- This article was originally published in the June 2021 edition of the 5 papers…in 5 minutes.
A drastic decrease in greenhouse gas emissions is needed to tackle climate change. Carbon pricing, in the form of a carbon tax or a carbon market, is considered by economists as the most cost-effective way to reduce emissions. However, there is to date little evidence on the impact of existing carbon price instruments on emissions. In 2013, the UK introduced a carbon tax in its power sector, the Carbon Price Support (CPS). The tax rate increased from €5.9 per ton of CO2 in 2013 to €26 in 2017. The UK power sector experienced a remarkable transition since then: between 2012 and 2017, the share of coal in electricity generation decreased from 40% to 7%, and power sector emissions by 57%. This rapid decarbonization received significant media coverage, but how much the CPS contributed to such transformation is to date unclear.
In this paper, Marion Leroutier estimates the causal impact of the CPS on UK power sector emissions. She relies on the synthetic control method (1) and compares the evolution of UK power sector emissions to that of a weighted combination of European countries having similar characteristics, forming the “Synthetic UK”. These countries were subject to the same environmental policies decided at the European level as the UK, in particular the EU carbon market and industrial emissions regulations. Provided that no other UK-specific policy affected power sector emissions at the period of interest, the method enables to isolate the impact of the CPS. The author estimates that the CPS reduced carbon emissions by 20.5% to 26% on an average year between 2013 and 2017. This range depends on two factors: first, it depends on the assumed impact of three other UK-specific policies – a subsidy encouraging biomass conversion for coal plants, support to renewable investments, and a capacity market. Second, it depends on how much the CPS might have increased emissions in the Synthetic UK via a so-called “carbon leakage”. The upper bound assumes that biomass conversion is a consequence of the CPS, and that the other policies and carbon leakage are negligible over 2013-2017. The lower bound separately estimates the effect of biomass conversion, and that, relatively small, of other policies and carbon leakage. The CPS operated via three channels: first, UK power plants at risk of closure due to European air quality regulations had a higher probability to effectively close; second, other coal-fired plants closed; third, surviving power plants decreased their emissions, likely via a fuel switch from coal- to gas-fired generation.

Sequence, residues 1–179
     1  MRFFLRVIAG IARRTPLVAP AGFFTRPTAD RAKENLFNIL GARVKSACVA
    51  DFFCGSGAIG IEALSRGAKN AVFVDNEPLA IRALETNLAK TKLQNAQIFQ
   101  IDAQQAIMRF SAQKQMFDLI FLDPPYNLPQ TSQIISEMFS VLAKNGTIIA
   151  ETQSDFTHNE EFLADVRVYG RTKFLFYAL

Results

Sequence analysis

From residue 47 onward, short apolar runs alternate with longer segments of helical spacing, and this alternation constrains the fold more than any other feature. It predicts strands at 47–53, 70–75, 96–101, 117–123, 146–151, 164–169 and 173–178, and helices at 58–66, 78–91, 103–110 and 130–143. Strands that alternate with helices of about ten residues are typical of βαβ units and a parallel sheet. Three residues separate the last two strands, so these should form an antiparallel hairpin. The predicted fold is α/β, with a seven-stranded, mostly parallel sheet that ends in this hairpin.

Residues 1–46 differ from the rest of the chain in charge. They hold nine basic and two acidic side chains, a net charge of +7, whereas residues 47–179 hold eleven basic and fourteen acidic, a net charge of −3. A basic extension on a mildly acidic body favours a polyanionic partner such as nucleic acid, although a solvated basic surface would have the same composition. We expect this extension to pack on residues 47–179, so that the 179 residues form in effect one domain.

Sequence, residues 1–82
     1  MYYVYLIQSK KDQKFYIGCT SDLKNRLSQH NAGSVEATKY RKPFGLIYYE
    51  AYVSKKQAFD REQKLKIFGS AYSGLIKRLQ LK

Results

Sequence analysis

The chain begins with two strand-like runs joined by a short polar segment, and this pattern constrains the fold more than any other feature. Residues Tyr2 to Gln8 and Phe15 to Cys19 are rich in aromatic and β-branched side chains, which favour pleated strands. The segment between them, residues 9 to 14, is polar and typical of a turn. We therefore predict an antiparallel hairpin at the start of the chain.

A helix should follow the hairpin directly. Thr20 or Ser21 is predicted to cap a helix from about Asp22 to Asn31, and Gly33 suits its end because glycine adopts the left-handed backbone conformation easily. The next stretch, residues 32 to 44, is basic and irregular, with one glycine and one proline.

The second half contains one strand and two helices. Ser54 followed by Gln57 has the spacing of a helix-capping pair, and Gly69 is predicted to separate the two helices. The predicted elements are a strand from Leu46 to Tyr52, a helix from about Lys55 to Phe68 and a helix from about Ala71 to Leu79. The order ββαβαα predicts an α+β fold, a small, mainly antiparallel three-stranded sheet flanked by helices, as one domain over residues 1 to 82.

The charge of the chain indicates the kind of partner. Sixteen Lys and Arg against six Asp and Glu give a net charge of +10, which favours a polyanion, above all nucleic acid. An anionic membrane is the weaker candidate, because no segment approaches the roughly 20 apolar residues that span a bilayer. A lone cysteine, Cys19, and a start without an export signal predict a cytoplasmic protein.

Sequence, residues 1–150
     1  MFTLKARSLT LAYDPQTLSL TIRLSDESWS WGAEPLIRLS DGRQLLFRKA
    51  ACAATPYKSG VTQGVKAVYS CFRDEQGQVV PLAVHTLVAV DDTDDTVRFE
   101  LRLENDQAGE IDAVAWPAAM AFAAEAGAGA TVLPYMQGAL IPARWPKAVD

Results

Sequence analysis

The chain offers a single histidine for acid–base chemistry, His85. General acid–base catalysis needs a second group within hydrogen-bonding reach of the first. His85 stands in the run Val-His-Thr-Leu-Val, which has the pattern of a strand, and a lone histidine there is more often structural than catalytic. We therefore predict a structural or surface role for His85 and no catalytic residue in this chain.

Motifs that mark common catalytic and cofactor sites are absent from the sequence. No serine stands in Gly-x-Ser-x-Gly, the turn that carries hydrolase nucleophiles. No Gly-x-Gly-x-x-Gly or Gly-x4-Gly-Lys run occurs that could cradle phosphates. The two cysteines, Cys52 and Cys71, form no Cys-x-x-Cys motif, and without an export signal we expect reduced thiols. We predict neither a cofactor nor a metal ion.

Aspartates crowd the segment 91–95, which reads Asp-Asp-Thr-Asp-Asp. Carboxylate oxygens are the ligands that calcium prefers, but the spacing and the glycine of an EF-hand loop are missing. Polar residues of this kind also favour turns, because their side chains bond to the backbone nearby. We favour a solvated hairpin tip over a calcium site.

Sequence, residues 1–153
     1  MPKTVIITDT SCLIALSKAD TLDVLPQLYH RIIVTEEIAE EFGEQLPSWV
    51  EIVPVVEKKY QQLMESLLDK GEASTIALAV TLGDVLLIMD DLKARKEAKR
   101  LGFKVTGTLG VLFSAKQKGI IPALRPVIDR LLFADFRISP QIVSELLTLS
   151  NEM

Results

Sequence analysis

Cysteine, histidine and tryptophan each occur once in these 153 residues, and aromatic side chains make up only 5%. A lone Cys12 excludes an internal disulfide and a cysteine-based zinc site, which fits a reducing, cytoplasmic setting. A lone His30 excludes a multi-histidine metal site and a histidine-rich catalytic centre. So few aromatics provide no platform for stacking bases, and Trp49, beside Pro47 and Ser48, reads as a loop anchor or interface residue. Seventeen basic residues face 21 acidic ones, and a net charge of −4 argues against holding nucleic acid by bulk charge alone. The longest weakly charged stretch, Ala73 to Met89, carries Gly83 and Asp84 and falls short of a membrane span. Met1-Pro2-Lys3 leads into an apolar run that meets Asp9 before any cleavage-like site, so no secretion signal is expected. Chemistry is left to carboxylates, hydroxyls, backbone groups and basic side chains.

The CPS was instrumental in the rapid decarbonization of the UK power sector. Three factors enabled a high abatement with a limited leakage: the UK had a relatively high potential for fuel switching, low interconnection limited leakage, and the context played against new investments in dirty generation. They need to be kept in mind thinking about how generalizable the results are. Several countries meet these criteria and could be good candidates to replicate the UK experience: many European countries have sufficient idle gas capacity to eliminate coal via fuel switching (2); regional carbon pricing can be a solution to avoid carbon leakage for strongly interconnected countries; and increasingly stringent environmental regulations make coal less competitive in several other countries, such that a moderate price signal may be sufficient to drive high-emitting plants out of the market.
(1) Abadie, A., Diamond, A., & Hainmueller, J. (2010). Synthetic Control Methods for Comparative Case Studies: Estimating the Effect of California’s Tobacco Control Program. Journal of the American Statistical Association, 105(490), 493–505. doi: 10.1198/jasa.2009.ap08746
(2) Wilson, I. A. G., & Staffell, I. (2018). Rapid fuel switching from coal to natural gas through effective carbon pricing. Nature Energy, 3(5), 365–372. doi: 10.1038/s41560-018-0109-0
Original title of the article: Carbon Pricing and Power Sector Decarbonisation: Evidence from the UK
Published in: PSE working paper n°2021-41
Available at: https://hal-pse.archives-ouvertes.fr/halshs-03265636
This work has been awarded the 2019 Young Economist best paper Award from the French Association of Environmental and Resource Economists (FAERE)
* PhD Student (PSE, University Paris 1 Panthéon-Sorbonne)
This synthesis has been published in the June edition of “5 papers… in 5 minutes!” dedicated to PhD students work.
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